What happens if you don't file your income taxes on time?
Published Wednesday, April 26, 2017 6:00AM EDT
A Canada Revenue Agency building in Ottawa is shown on November 4, 2011. (THE CANADIAN PRESS/Sean Kilpatrick)
Fear of the Canada Revenue Agency (CRA) has caused grown men to burst into tears while clutching thick stacks of unopened mail. Outbursts provoked by mounting fees, compounding interest, and threats of criminal prosecution, according to a prominent Toronto tax lawyer.
Paul DioGuardi says it’s like drips of water filling a pail – only a matter of time before things overflow.
DioGuardi, whose practice specializes in disputes with the CRA, says he has seen it firsthand with clients. Such instances, he says, are typically the result of years of missed filings, and in the most extreme cases, deliberate tax evasion.
With the 2016 tax deadline fast approaching, it’s a sobering reminder of the importance of filing your taxes on time every single year. DioGuardi told CTVNews.ca on Monday, a week before the deadline, that approximately half of all Canadians have not completed this year’s income return, and many have not filed in years.
Most have until April 30 to submit returns. But since the typical deadline falls on a Sunday this year, it’s been extended to the end of the next business day – Monday, May 1. Self-employed workers have until June 15.
Those deadlines are far more important for those who have a balance owing than those who expect a refund. For the latter, you are really just delaying being repaid for the interest-free loan you gave the government, as well as any provincial credits including child benefits, or old age security.
Even if you owe money, the penalties for minor tax tardiness are relatively minor – five per cent of your 2016 balance owing, plus one per cent of your balance owing for each full month your return is late, to a maximum of 12 months.
The penalties go up, however, if you’ve missed the deadline in recent years. If you were charged a late-filing penalty on your return for 2013, 2014, or 2015, your late-filing penalty for 2016 may be 10 per cent of your 2016 balance owing, plus 2 per cent of your 2016 balance owing for each full month your return is late, to a maximum of 20 months.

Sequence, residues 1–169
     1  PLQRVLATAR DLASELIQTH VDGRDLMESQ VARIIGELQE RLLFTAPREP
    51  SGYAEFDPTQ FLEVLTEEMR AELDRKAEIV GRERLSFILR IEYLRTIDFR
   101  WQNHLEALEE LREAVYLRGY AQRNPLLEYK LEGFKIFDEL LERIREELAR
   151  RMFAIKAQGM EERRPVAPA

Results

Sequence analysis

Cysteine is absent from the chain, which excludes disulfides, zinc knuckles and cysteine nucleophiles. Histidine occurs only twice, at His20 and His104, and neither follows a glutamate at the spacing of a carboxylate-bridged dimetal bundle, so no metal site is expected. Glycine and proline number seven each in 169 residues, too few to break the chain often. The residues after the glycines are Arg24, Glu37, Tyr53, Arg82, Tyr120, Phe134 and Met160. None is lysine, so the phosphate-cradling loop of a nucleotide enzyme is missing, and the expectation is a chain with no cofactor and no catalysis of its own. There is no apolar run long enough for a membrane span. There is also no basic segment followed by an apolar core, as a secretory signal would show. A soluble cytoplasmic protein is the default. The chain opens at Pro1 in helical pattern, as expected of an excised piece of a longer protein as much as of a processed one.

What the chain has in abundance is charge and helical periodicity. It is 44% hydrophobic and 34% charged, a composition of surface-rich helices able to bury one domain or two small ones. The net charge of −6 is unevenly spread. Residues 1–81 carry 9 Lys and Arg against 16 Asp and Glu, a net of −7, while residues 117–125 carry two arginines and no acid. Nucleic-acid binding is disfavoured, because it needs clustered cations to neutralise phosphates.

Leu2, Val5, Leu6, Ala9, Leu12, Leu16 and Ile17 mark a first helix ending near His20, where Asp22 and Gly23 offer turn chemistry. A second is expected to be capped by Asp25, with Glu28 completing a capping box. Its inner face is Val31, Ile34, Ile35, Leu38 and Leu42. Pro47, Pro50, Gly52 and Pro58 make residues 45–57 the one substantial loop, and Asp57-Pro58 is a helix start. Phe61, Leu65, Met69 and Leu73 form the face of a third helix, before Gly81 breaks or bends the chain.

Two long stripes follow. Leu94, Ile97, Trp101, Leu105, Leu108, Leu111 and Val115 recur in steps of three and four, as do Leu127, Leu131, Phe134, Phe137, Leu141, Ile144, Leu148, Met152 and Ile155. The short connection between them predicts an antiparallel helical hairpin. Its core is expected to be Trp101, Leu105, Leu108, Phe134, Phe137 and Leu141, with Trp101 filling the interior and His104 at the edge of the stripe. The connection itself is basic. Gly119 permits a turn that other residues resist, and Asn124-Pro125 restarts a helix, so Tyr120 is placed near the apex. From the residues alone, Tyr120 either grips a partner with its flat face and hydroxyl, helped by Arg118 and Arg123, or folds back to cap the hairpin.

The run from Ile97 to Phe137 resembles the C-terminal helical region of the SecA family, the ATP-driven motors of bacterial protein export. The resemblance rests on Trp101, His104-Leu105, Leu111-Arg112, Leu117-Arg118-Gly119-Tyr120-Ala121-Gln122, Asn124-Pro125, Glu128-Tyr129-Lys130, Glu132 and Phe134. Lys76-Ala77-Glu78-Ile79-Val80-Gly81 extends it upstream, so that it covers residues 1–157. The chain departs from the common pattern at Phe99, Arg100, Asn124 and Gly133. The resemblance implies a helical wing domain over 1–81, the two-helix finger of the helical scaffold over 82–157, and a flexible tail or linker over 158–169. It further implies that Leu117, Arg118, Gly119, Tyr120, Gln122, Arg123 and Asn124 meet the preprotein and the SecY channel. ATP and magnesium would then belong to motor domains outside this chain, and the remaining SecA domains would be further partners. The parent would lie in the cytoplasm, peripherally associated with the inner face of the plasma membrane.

If you cannot pay your full balance on the deadline date, you can avoid penalties by filing your return on time – a critical fact that DioGuardi says many of his clients simply are not aware of.
Most people shirking their income tax return, he says, do so because of a hardship like a divorce or separation, the loss of a job, or an illness. These cases can go unnoticed for years if the person stays below the radar by taking work that pays in cash. Those looking to redeem themselves after such an exile face what he says can only be described as “a collection agency with police-like powers.”
“Usually what happens, especially for men, is they go through a divorce or a family breakdown. They go and they live in their family’s basement, and they get really bitter. They say, ‘Screw the taxman. I’m not filing returns.’ They go and work on the side for cash. Then after a number of years a couple things happen. They meet a nice lady. They get an offer for a good job. Then they are in a quandary. They have to go back on the radar again.”
It’s at this point such people might meet seek the service of someone like DioGuardi, usually with that thick stack of unopened mail in hand. They can typically request a waiver of penalty, relief from the mounting fees and interest.
“We file the returns and we do a payment plan for them, and they are back in the system. That’s the best way because the interest on the penalties is very high,” he said. “We’re almost like economic social workers.”
Canadians can request the CRA waive penalties and accrued interest for any tax period that ended within 10 calendar years before the year the request is made. DioGuardi says these types of appeals are often successful, noting that any compromise is at the CRA’s discretion.
While the agency may be amenable to leniency due to illness, death and other extreme circumstances, deliberately misrepresenting your income is another matter. A conviction for tax evasion, which includes not filing tax returns and hiding income, can result in up to five years in prison.
DioGuardi, who once trained at the CRA’s head office as a young lawyer, says handling of such cases is meant to send a message to would-be tax cheats.
Those tasked with building a case against suspected fraudsters are often driven by a sense of patriotism. The money they are seeking to recover, if illegally sheltered, is the rightful property of the Canadian public. DioGuardi says a lot can depend on who handles each case.
“Often they are very nice, but there are ‘nasties’ in there. I say they are sadistic sometimes,” DioGuardi said. “We’ve even had cases where they’ve gone to client’s houses during the Christmas holidays and threatened the wife, and said ‘We are going to take the house.’ She didn’t owe any taxes at all.”
The CRA said such in person “field visits” are an opportunity to meet directly with taxpayers to discuss an individual’s ability to pay before legal action is taken.
“These actions may include garnishment of bank accounts or wages and the seizure of properties and assets,” said communications manager Paul Murphy in a statement emailed to CTVNews.ca. “CRA does not threaten taxpayers, or use aggressive language. Such behaviour is not condoned by CRA.”